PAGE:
Lab: Deep recursion

Held
Monday, 22 April 2019
Writeup due
Wednesday, 24 April 2019
Summary
We explore techniques for processing nested lists.

Patterns of deep recursion

Here’s the generalized tally procedure from the reading.

(define deep-tally
(lambda (lst pred?)
(cond
[(null? lst)
0]
[(pred? (car lst))
(+ 1 (deep-tally (cdr lst) pred?))]
[(list? (car lst))
(+ (deep-tally (car lst) pred?) (deep-tally (cdr lst) pred?))]
[else
(deep-tally (cdr lst) pred?)])))


Here’s a more general pattern for deep recursion.

(define DEEP-FUN
(lambda (lst)
(cond
[(BASE-CASE-TEST? lst)
(BASE-CASE-COMPUTATION lst)]
[(list? (car lst))
(COMBINE1 (DEEP-FUN (car lst)) (DEEP-FUN (cdr lst)))]
[else
(COMBINE2 (car lst) (DEEP-FUN (cdr lst)))])))


Preparation

a. Review the two patterns of deep recursion given above.

b. Go over the self checks from the reading.

Exercises

Exercise 1: Containment

Write a procedure, (deep-contains? lst val), that takes a nested list and a value as parameters, and determines whether the value appears in the list or any of its sublists (or sub-sublists or …).

You should use equal? to compare values.

> (deep-contains? '(a (b (c) d) ((e))) 'c)
#t
> (deep-contains? '(a (b (c) d) ((e))) 'x)
#f


Exercise 2: Selecting strings

Write a procedure, (select-strings lst), that uses the pattern of deep recursion to select all of the strings from a nested list and return them as a list.

> (select-strings '(("this") "is" "a" (((("somewhat")) "nested")) "list"))
'("this" "is" "a" "somewhat" "nested" "list")
> (select-strings '("a" 1 ("and" "a" 2 ("and" "a" 3))))
'("a" "and" "a" "and" "a")


Exercise 3: Generalized selection

Write a generalized version of select-strings, (deep-select lst pred?), that selects all the values from a nested list for which a predicate holds.

Exercise 4: Flattening lists

Write a procedure, (flatten lst), that takes a nested list as a parameter and returns a “flat” list (one with no sublists) that contains the same values in the same order.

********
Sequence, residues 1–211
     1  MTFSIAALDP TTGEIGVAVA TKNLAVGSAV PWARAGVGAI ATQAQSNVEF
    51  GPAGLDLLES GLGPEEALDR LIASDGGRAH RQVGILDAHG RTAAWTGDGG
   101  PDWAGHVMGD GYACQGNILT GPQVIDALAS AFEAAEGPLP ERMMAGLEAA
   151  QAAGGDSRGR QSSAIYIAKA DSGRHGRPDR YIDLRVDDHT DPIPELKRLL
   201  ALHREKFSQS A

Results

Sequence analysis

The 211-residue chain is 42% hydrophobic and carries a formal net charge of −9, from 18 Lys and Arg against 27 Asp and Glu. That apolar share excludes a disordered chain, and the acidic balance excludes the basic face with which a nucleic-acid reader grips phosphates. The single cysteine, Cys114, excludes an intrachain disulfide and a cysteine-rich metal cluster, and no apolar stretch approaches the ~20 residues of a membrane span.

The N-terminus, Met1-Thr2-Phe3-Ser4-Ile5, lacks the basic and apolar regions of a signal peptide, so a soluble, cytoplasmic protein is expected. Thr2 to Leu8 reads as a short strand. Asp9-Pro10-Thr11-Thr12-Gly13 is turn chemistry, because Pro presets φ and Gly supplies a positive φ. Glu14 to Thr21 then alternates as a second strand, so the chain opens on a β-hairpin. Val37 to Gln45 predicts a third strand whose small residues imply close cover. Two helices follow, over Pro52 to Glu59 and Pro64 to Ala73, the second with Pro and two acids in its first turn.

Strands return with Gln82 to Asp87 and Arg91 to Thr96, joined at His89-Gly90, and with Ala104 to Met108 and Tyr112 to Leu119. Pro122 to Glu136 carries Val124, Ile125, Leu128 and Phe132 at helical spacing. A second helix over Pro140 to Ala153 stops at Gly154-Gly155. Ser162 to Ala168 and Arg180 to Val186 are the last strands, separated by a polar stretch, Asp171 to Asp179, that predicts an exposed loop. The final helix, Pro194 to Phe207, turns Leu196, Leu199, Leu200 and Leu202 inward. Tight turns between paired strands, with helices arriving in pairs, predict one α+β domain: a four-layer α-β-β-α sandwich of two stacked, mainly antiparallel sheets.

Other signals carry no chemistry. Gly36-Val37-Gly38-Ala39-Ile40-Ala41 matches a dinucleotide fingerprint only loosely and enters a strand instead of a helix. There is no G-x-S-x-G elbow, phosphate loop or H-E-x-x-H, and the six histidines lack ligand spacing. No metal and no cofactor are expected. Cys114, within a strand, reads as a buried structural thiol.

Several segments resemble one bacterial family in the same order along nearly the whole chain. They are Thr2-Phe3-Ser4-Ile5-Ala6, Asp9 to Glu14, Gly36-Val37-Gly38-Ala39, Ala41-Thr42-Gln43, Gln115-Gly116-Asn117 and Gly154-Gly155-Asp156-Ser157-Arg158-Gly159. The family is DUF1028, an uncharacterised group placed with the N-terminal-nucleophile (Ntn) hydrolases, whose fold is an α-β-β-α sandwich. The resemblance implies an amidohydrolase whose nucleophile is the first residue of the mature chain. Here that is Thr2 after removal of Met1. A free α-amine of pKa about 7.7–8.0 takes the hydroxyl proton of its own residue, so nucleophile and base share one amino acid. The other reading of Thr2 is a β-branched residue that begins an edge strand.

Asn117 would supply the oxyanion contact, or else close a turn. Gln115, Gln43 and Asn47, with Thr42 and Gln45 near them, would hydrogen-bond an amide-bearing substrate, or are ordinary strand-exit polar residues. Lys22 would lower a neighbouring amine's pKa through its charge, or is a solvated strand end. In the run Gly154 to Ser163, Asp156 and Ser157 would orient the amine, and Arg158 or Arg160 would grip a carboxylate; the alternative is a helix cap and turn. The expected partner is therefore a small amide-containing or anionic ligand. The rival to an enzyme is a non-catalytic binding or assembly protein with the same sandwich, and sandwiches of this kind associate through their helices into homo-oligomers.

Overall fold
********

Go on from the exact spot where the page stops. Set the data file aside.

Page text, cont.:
> (flatten '(1 (2 3 (4 5 (6)) 7) 8 (9 10) 11))
'(1 2 3 4 5 6 7 8 9 10 11)


Exercise 5: Alphabetically first

Write a procedure, (deep-alphabetically-first lst), that takes a nonempety nested list of strings as a parameter and returns the alphabetically first string in that nested list. You should process the nested list directly, rather than, say, flattening it first.

> (deep-alphabetically-first '("simple"))
"simple"
> (deep-alphabetically-first '("not" ("quite" ("as") "simple")))
"as"
> (deep-alphabetically-first '(("is" (("this" ("any") ("more" ("complex")))))))
"any"


Note: You will need a somewhat different base case than we’ve used in the prior procedures.

Note: This procedure should accept strings that contain non-letters and order them using modified ASCII order as determined by string-ci<=?.

Hint: As in past “best of” procedures, you will find it helpful to write a helper procedure that takes two strings as inputs and returns whichever of the two strings is alphabetically first.

Exercise 6: Deep reverse

Write a procedure, (deep-reverse val), that takes any Scheme value as a parameter. If the parameter is a list, deep-reverse should reverse both that list and any sublists that it may have. If the parameter is not a list, deep-reverse should return the value.

> (deep-reverse 1)
1
> (deep-reverse '(1 2 3))
'(3 2 1)
> (deep-reverse '(1 (2 3 (4 5) 6) 7 (8 9) 10))
'(10 (9 8) 7 (6 (5 4) 3 2) 1)


Warning: You may need a very different pattern of recursion than we used in the procedures above.

For those with extra time

If you find yourself with extra time, you might try one or more of the following problems.

Extra 1: Containment, revisited

Rewrite deep-contains? using and and or, rather than cond or if.

Extra 2: Tallying pairs

You may have noted that using (deep-tally lst pair?) does not compute quite the value you would have expected. Write a procedure, (deep-tally-pairs val), that counts all the pairs in a Scheme value that does not contain any vectors.

> (deep-tally-pairs '(1 2 3))
3
> (deep-tally-pairs '(1 (2 3)))
4
> (deep-tally-pairs '((1) (2) (3)))
6
`

Acknowledgements

This lab was newly written for spring 2019. Although some of the problems resemble questions students asked earlier in the semester, those students should not be blamed for the questions on this lab, which were planned.